Before the movie, the tournament had always been held at the Stamford, Connecticut, Marriot hotel; but because of the film's success and notoriety, after its release attendance at the 2007 event skyrocketed to about twice what it had been the previous year.
So overwhelming was the general public's response to the movie, the event had to be moved to a larger venue. It is now held at the Marriott hotel in Brooklyn, New York, and as of 2007 attendance was running about 700.
Not a Hollywood slicker, the movie has the look and feel of a low budget breakthrough; but that doesn't detract one iota from its appeal. It was premiered at Sundance and was good enough to receive four nominations.
more about wordplay, the movie
By the time you read this, Wordplay will be finished doing its round of the movie houses. But it may not be too late to see it! The Muse suggests that you see if you can find DVD copies of it at your regular movie supplier, local library, or at reruns on TV. PBS has included Wordplay in its Independent Lens series and you may still be able to catch it there (see below).
more about the american crossword puzzle tournament
Perhaps the American Crossword Puzzle Tournament is the most prominent and interesting of all crossword puzzle tournaments in the U.S. Founded in 1978, it has met every year since then, plenty of time to develop into a subculture of the world of crossword puzzles in its own right.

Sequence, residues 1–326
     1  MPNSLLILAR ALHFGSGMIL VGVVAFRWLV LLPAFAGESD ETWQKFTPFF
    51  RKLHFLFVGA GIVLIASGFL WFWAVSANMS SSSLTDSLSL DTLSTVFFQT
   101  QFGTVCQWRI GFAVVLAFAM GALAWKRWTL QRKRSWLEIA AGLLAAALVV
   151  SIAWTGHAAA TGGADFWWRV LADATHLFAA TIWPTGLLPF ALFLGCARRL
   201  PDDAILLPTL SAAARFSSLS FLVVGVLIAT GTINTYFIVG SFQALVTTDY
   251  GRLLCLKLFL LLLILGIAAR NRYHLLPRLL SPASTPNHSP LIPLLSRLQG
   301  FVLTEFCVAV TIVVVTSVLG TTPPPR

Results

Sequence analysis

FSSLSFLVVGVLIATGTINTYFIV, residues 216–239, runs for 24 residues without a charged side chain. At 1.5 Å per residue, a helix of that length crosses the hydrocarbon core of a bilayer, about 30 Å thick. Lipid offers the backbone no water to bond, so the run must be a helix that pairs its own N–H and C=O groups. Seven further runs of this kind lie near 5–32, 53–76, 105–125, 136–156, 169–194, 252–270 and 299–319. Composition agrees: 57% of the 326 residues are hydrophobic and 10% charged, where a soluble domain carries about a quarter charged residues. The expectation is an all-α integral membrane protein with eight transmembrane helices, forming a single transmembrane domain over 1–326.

Crossword Puzzle personalities
Wordplay presents an entertaining and informative cross section of the personalities who inhabit the underworld of the crossword puzzle tournament. So does Electricka.
Explore the backgrounds of individuals who are or have been brilliant solvers as well as constructors, editors, and publishers. Most or all of these have been contestants at the American Crossword Puzzle Tournament. Many appear in Wordplay.
about Electricka's feature called the world of crossword puzzles
Wordplay makes a good supplement to Electricka's pages on the World Of Crossword Puzzles, and vice versa. If you're interested in crossword puzzles, you may want to explore Electricka's feature called the World Of Crossword Puzzles.
Solve a Crossword puzzle now
Electricka and her muses offer you a number of arts-related crossword puzzles to solve. You can work them on your computer or print them and work them on paper.
Some of these puzzles have been constructed by visitors to Electricka's web site; others by ETAF Staff. All are original and all are about the arts. Electricka also offers you a collection other kinds of art-related puzzles and different kinds of games to play online.
Some who have seen the move in theaters have reported live interaction going on while the movie is underway, with members of the audience calling out answers to puzzle clues before they're worked out on the screen and the like. If this kind of falderal and the big screen turn you on, by all means see the movie in a theater—if you can find it on the circuit. Otherwise, the DVD is a better way to spend your time. It's packed with entertaining and informative extras such as a commentary, interviews with winners and filmmakers, and other bonus goodies.
There's nothing like a companion book to illuminate a movie and vice versa. If The Muse's review of the movie Wordplay interests you or if you see the movie Wordplay itself and get turned on by it, you may want to try exploring the movie's companion book called, Wordplay: The Official Companion Book by Will Shortz.
This book is the companion to the movie. With it you can think inside the box! Solve puzzles from the hit movie, learn to construct your own crosswords, and much more.